Understanding the Information Included in Your Credit ReportSo, you finally took my advice and got a free copy of your credit report. Good for you! Now what? Well, if you are like a lot of people, you may be a little overwhelmed by what is on it. Didn’t you cancel that store credit card years ago? Is it a problem that it is still on there? What is all that other stuff? I break down what you might see on your credit report so you can find what shouldn’t be there.

Your Three Credit Reports Will Not Look Alike

I have explained in other articles that there are three major credit reporting agencies (CRAs) and that you should request your free annual report from each of them. The first thing you will notice is that the three reports look pretty different. However, if the information on each is accurate, they should basically be the same. Credit reports are broken down into the following four general sections:

  1. Personal information. Here’s where you will see your name, Social Security number, date of birth, and employment information. This information is updated based on reports to the Credit Reporting Agency from lenders, so don’t assume it is all correct. Double check everything!
  2. Trade lines. This should be the bulk of your report. Here, you will find a listing of all of your credit accounts, including credit cards, auto loans, and mortgages. Your credit limit or loan amount will also be listed as well as your payment history. Go through this section with a fine-toothed comb! If it is not your account, it needs to be removed.
  3. Public records. The next section comes from state and county courts and collection agencies. This is where you will see bankruptcies, wage garnishments, lawsuits, foreclosures, and liens. Again—make sure anything listed here is actually yours!
  4. Inquiries. If a lender or other agency has requested a copy of your credit report in the last two years, they will be listed here. This includes requests you have authorized when you applied for a loan or a credit card and requests from lenders who are researching you in order to “pre-approve” you for a card or loan.

Depending on what kind of credit history you have, your report could be sparse or it could be loaded with entries. Either way, the point of requesting the report is to make sure it is all correct, so be sure to go through it. Seeing an entry for a store credit card you got to save 20 percent on a big purchase and never used again is not a big deal—as long as it shows it is paid off—but seeing a card you never had with a large balance is a big problem.

Who Provides This Information To The Credit Reporting Agencies?

So where are the credit reporting agencies getting this information? It is reported to them by the lender, creditor, landlord, debt collector, insurance company, or other entity who is dealing with your debt. These entities are known in CRA lingo as “furnishers” and are required to follow strict federal guidelines when they report the information. Sometimes, they mess up and report misinformation or report that someone else’s credit problems are yours. This is why it is important for you to check your credit reports every year.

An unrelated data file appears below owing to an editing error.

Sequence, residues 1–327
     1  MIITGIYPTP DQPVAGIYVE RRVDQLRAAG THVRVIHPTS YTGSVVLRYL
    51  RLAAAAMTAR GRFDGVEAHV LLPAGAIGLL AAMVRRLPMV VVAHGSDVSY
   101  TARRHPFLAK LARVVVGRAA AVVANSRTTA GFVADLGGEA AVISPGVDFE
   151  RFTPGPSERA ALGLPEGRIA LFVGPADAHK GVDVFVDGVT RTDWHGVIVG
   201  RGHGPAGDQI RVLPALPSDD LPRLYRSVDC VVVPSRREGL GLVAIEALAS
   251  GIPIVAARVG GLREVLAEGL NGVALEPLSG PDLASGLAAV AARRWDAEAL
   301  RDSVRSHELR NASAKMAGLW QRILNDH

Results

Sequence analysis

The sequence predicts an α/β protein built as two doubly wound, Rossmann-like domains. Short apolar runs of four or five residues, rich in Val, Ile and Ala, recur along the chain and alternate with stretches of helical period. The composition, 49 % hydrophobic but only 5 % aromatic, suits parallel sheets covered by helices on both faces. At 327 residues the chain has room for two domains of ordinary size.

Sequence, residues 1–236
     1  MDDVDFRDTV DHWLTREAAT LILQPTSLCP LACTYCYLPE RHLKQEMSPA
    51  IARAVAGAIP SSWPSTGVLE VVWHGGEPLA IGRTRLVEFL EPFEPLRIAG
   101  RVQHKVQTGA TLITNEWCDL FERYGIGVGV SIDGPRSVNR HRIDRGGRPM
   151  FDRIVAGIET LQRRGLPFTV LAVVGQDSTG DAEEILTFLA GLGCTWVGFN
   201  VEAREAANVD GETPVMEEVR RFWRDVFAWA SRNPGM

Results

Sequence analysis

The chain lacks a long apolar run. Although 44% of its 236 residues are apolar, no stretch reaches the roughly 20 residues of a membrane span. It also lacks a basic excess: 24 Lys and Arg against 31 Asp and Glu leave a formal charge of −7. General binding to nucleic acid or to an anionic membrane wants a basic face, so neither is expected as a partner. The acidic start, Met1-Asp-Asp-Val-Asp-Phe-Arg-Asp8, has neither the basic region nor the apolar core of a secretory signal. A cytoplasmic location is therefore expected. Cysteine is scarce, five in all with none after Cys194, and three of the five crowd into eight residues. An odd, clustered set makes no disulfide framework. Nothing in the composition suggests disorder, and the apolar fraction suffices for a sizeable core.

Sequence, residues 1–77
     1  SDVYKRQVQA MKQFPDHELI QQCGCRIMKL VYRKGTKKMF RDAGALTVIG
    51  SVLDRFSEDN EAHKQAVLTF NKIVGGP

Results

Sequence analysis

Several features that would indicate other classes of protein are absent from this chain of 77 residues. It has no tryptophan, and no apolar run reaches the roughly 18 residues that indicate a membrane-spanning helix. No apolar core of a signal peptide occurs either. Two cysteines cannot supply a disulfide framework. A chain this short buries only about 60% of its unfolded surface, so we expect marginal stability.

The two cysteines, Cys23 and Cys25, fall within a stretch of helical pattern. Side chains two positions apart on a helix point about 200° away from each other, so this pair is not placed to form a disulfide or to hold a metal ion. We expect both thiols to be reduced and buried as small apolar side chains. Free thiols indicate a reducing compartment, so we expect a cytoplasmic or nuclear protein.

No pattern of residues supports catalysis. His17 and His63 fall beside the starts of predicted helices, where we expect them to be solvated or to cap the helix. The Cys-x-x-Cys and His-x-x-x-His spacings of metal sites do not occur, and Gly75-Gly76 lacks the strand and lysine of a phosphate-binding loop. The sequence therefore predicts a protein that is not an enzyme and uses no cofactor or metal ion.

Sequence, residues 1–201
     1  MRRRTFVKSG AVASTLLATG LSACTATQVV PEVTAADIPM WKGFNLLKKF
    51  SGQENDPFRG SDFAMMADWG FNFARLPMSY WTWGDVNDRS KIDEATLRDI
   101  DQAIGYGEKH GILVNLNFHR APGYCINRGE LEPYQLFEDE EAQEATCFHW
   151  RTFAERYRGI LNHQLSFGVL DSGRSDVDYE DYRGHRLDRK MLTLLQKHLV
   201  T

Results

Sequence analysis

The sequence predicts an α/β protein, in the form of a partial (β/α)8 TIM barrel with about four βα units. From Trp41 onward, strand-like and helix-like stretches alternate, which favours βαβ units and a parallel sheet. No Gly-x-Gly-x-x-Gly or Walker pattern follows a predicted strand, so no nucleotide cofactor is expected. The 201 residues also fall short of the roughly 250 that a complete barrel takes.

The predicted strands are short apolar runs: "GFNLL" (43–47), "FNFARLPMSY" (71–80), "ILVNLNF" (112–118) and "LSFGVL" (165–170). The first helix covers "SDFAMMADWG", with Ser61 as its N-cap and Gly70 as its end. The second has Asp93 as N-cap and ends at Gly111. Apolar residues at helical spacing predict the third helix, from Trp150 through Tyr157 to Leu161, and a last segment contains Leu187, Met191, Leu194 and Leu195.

Who Else Can See Your Credit Report?

Believe it or not, these reports are not entirely confidential. Any time you apply for credit or a credit card, the lender will request a copy to check you out. You grant them permission when you apply for the card, but lenders can also access your reports just to see if you are a good candidate for a pre-approved line of credit. Others need your special written permission to view your report. In general, the following people can access your credit reports:

  • Lenders and creditors you are applying to for credit
  • Lenders seeking to prequalify you for credit or insurance
  • Your existing creditors or lenders
  • Debt collection companies seeking to collect payment
  • Insurance companies wanting to underwrite your insurance policy
  • Employers or prospective employers (with your permission)
  • Landlords and phone and utility companies
  • Some government agencies

If you see unauthorized entities listed in that last section of your credit report, you may be able to take legal action.

When You Might Need My Help

Now that you understand your report, you might find mistakes or unauthorized usage. The CRA is obligated to correct any misinformation on your report. If they fail to do so, you may be able to sue them for damages. If you are having problems correcting your credit report, tell me your story. Contact me online or call me directly at 415.802.0137. If I can help—I will!


Michael F. Cardoza, Esq.
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U.S. Marine & Consumer Financial Protection Attorney helping victims of ID theft and Credit Reporting errors.